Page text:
Henoch-Schönlein Purpura

This is a soreness (inflammation) of the blood vessels and/or capillaries. It is seen as red to purple spots on the skin. These can usually be felt as a raised rash. It usually occurs in the fall, winter and spring but rarely in the summer. There may also be joint pain (around the knees and ankles), belly (abdominal) pain, and kidney problems. It usually occurs in children ages 3 to 15, but adults may also be affected. It is more common in boys. The rash will usually show up on the legs and buttocks. This happens before other problems such as abdominal pain and arthritis (inflammation of the joints). The rash can spread to the face and body (trunk).


The cause is not known. It may be an abnormal response by the immune system. That is the system which usually keeps us from getting sick. It is sometimes seen with or following allergies, drug sensitivities, vaccinations and infections.


  • Primarily, redness and swelling of the skin caused by congestion of the capillaries.

  • Lack of energy.

  • Joint pains.

  • Abdominal pain.

  • Bloody stools.

  • Purple spots (wheals) - usually on the lower extremities and buttocks, but may involve elbows, trunk, and face.

  • Low-grade fever.

  • Nausea/vomiting.

  • Diarrhea.

  • Bloody urine.


  • Your caregiver can diagnose this condition based on an examination. He/she also may do some blood and urine tests.

  • Biopsies are sometimes done. In this test, a small piece of tissue (your skin) is taken to be examined by a specialist under a microscope. This is used to help confirm a diagnosis if there is uncertainty.


  • Treatment is directed at symptoms or along with your caregiver you may just watch and see. There are not any specific treatments available.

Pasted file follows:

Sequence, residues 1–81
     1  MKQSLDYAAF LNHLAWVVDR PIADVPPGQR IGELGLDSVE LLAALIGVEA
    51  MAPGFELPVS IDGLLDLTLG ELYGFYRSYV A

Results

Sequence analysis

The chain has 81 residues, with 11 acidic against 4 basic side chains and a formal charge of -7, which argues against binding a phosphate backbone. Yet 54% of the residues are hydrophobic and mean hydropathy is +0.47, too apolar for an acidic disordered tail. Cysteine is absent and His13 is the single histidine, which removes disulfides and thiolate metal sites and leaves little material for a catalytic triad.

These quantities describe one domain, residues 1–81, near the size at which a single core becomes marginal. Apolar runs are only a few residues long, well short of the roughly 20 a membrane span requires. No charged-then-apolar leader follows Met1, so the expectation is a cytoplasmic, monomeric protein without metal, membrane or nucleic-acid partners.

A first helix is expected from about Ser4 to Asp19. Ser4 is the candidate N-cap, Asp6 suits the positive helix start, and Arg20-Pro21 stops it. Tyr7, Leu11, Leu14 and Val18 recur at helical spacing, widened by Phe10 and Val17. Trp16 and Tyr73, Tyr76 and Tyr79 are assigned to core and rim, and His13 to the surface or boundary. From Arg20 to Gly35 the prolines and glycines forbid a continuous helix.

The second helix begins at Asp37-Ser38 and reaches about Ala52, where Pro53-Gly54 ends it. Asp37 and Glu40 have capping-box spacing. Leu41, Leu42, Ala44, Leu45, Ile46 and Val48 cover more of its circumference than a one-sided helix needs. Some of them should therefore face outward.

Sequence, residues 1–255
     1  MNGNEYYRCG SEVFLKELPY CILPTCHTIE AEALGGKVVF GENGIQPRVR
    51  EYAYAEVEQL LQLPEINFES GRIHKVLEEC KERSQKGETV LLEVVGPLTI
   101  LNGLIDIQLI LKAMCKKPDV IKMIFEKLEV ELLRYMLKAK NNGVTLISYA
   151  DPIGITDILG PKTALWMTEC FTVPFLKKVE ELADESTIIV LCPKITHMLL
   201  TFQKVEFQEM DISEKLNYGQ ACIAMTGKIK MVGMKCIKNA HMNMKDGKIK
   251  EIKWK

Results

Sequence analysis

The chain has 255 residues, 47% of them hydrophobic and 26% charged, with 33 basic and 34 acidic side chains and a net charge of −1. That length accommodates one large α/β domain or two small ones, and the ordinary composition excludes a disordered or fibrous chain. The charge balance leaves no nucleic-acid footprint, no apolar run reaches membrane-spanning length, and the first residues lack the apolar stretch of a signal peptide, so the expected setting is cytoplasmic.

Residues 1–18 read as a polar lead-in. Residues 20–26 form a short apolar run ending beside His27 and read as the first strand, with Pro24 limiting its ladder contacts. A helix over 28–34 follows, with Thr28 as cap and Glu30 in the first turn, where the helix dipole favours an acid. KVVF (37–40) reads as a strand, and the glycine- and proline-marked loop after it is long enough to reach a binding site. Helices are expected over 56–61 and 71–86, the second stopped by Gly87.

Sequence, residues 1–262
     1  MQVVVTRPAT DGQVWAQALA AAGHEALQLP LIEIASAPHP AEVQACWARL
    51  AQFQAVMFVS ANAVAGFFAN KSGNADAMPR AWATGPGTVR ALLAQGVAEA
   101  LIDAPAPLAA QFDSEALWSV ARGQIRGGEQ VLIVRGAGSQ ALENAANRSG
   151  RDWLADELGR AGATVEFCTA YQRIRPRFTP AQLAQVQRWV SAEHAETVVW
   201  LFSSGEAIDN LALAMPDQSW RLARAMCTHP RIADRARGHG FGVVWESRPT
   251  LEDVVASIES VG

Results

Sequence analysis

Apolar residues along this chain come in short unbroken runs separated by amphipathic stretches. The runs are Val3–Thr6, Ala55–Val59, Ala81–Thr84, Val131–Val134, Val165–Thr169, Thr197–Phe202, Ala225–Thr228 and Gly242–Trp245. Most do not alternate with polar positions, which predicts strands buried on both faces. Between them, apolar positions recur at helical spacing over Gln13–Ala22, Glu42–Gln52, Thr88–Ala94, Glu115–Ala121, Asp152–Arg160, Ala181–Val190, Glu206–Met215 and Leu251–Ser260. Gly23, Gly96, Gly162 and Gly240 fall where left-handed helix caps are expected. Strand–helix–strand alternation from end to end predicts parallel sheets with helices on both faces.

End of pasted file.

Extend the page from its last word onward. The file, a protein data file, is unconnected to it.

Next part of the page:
• This condition usually resolves spontaneously within 6 to 16 weeks without treatment. But it may recur several times before complete remission.

  • Bed rest.

  • Drink plenty of fluids as suggested by your caregiver to avoid dehydration.

  • Nonsteroidal anti-inflammatory drugs (NSAIDs) or acetaminophen maybe used for aches and fever as directed by your caregiver. Only take over-the-counter or prescription medicines for pain, discomfort, or fever as directed by your caregiver.

  • Corticosteroid therapy may be used for the central nervous system problems, kidney (nephritic) syndrome, or complications, such as intestinal hemorrhage, obstruction, or perforation.

  • Medications are available to treat kidney complications.

  • Most children get well. But some children can develop kidney failure (end stage renal disease).


  • Bleeding in the lungs (pulmonary hemorrhage).

  • Bleeding into the intestines (intestinal hemorrhage).

  • Food is blocked from going through the intestines (intestinal obstruction).

  • There is a telescoping of the small intestine (bowel) on itself (intussusception).

  • A hole in the intestines (intestinal perforation).

  • Death can occur from gastrointestinal complications, renal failure, or central nervous system involvement. These bad outcomes are very rare.


  • There is severe abdominal pain or nausea and vomiting.

  • There is severe headache or joint pain not relieved with medicine.

  • There is blood in the urine or urination stops.

  • There is increasing swelling and pain in the joints.

  • Your child feels lightheaded or faint.